Everyone Expects the Penguins to Lose. Perfect.
Maybe this is exactly what the team needs –– to win.
photos by dave dicello
It’s remarkable what a month or two can do. Not so long ago, as we all trudged through another frigid winter, we were consoled in the knowledge that the Penguins were on their way to another high seed for a Stanley Cup run.
Now we’re sunburnt from an 80-degree Opening Day at PNC Park, and the Penguins crawled their way into the playoffs in a bear trap.
Winter has floated away, just as any Stanley Cup hopes have.
All 12 of ESPN’s hockey journalists have predicted the New York Rangers will beat the Pens in the first round, with 11 of them saying the Blueshirts will finish the job in six games or fewer. Really, the only surprising part of this paragraph is that ESPN employs a dozen people who cover the NHL. At this point, I thought they were down to only Barry Melrose and a bottle of maple syrup.
Point is, every hockey fan with a set of eyes believes the Penguins will bow out in the first round without much of a fight.
What an unusual spot for a Pittsburgh Penguins team to enter the Stanley Cup Playoffs. Over each of the past seven seasons, they have been a top-four seed. Experts favored them to advance in the bracket, and fans would accept nothing less than the Cup. Of course, for all that, they’ve only etched their name in Lord Stanley's chalice once.
This time around, circumstances are entirely different. The Pens are the team that couldn’t even punch a ticket to the postseason until the last night of the regular season. Expectations? All Pittsburgh fans expect at this point is that their players will be celebrating Cinco de Mayo with a five-iron.
Maybe this is exactly what the Pens need.
Think about it this way: So much of the public conversation about the Penguins’ near-collapse revolved around the team’s attitude. Fans bemoaned a perceived lack of effort as the Pens dropped 11 of their last 15 games. Where was the spark?
Well if attitude were the problem, here is the team’s opportunity to put on a new face. Any external pressures that were on this team two months ago are gone. For all the league cares, the eighth-seeded Pittsburgh Penguins will be a cheap funeral.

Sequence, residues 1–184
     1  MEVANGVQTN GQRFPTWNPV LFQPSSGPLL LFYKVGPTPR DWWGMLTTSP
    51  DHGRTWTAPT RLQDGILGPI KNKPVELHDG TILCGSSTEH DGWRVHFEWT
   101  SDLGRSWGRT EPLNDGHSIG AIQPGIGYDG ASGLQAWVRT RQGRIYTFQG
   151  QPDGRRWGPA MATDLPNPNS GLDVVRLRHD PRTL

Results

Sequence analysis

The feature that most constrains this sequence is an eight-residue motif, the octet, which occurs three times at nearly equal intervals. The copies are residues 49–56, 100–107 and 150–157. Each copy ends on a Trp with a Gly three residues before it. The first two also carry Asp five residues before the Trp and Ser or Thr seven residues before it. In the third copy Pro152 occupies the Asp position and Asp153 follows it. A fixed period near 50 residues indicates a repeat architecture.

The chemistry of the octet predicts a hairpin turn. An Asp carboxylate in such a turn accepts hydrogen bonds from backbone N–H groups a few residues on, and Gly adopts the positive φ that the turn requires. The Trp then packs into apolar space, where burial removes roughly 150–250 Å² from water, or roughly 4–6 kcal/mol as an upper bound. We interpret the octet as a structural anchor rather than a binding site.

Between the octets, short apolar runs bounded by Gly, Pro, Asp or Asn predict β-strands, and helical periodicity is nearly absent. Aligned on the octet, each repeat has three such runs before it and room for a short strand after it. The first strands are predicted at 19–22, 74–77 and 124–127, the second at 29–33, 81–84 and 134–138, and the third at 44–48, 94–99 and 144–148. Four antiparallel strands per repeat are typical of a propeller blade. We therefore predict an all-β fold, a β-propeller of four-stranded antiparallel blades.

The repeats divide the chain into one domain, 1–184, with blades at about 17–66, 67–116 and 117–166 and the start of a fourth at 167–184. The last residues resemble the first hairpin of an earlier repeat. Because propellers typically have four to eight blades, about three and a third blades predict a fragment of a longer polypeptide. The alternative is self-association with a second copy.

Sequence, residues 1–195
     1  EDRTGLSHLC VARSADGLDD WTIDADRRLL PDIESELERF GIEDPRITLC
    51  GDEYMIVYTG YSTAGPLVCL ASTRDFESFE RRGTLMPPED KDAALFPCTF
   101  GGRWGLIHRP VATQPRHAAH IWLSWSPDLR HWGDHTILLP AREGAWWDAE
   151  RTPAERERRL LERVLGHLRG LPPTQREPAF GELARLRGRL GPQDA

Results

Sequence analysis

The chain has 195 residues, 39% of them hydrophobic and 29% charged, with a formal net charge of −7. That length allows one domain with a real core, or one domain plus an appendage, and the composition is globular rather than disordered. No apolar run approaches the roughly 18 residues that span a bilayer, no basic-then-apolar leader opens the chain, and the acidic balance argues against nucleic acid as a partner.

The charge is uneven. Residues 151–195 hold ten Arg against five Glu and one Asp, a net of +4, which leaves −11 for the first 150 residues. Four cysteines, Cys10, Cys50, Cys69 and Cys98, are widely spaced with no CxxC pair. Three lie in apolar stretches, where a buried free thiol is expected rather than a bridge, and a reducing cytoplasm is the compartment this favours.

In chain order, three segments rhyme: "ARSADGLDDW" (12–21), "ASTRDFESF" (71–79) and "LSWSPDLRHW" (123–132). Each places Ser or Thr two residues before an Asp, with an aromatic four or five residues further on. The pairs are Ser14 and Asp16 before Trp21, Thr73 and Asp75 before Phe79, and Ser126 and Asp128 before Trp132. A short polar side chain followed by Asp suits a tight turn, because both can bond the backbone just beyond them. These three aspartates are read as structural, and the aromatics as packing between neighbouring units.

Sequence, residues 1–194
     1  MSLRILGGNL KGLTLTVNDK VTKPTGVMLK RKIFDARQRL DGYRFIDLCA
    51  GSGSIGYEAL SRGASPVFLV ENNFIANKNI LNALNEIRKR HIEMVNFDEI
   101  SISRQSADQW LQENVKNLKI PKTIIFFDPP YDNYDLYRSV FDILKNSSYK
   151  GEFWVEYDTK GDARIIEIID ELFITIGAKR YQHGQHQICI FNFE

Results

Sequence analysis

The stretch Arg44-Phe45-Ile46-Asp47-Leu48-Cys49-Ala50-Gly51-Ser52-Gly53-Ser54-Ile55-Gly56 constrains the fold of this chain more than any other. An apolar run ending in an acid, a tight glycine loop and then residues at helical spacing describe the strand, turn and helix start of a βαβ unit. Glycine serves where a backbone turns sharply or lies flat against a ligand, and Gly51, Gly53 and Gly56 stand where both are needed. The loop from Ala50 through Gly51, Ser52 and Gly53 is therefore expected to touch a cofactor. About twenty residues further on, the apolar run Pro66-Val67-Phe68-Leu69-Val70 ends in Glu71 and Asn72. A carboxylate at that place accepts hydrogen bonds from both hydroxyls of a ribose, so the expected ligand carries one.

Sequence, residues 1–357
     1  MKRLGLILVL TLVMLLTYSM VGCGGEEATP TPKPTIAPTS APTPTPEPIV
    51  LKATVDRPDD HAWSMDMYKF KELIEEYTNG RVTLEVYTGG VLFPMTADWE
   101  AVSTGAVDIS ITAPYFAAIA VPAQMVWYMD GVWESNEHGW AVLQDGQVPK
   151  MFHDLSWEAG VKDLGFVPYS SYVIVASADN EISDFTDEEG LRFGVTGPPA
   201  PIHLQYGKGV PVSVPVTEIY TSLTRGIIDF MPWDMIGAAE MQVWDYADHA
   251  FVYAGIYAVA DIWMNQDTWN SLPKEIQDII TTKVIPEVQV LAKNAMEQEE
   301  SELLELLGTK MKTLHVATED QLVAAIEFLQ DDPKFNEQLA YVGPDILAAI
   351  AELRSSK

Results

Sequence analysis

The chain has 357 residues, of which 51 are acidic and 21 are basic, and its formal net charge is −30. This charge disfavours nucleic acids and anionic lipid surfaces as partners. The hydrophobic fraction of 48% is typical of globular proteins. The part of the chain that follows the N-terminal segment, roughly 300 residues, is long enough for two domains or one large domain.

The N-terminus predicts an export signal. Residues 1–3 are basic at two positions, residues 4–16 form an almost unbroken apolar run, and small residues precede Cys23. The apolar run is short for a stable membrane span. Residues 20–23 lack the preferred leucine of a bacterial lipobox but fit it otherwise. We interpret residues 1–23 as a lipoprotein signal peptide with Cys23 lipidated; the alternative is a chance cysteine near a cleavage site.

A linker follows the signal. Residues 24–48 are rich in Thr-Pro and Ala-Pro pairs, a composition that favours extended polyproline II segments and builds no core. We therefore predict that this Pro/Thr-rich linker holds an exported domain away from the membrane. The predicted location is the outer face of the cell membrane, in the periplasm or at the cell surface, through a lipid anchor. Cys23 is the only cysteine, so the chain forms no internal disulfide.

The players ought to embrace it. For the first time in almost a decade, the Pens come in to the playoffs as undisputed underdogs. Even taking the Rangers to seven games would be buzzworthy. The pressure is (kind of) off!
Start seeing these Penguins as having nothing to lose, and you could actually talk yourself into them winning the opening series. Here’s a team that has maintained strong puck-possession numbers. Goaltender Marc-Andre Fleury just finished the best full season of his 11-year career and provided the stopping power of the league’s third-best penalty kill. Two of the world’s best players.
OK, now for the bad news. The Rangers earned every bit of the Presidents’ Trophy this year. After a slow start, New York rolled off an absurd 42-12-3 record to close out the season. They are fast. They are deeper than the Mariana Trench. They can score in bunches. And have you heard of this Lundqvist fella they have in net?
The best hope for the Penguins to pull off an upset is to get some good luck. I know that makes it sound like they’ll need some form of miracle to win the series, but that’s not so. Hockey results are volatile, more so than in any of our other major sports. Winning and losing is based more on randomness, freaky opportunities, puck luck and the hockey gods than some of us will admit.
And over the last month, the hockey gods have been cursing the Penguins. Remember how they lost 11 of their last 15 games? In that span, they were only out-shot three times. It’s just that their own shots on goal were not going in goal. The Pens only scored on 4.8 percent of their shots on goal over that 15-game stretch.
There’s bad luck, and then there’s a biblical plague. Frogs, lice, boils and a scoring rate that would make the Buffalo Sabres point and laugh at you.
But that’s hockey! Sometimes the puck doesn’t find the back of the net. The Penguins just fell into a remarkable string of poor results, not even close to being all their fault.
Everything hits RESET for the playoffs. Perhaps in past years, Pittsburgh teams played tight in the postseason, afraid to mess up when 18,000 people in the building all demanding a championship.
This time? The fans simply don’t want an embarrassment. Perhaps that will be the players’ opportunity to let loose and surprise us all.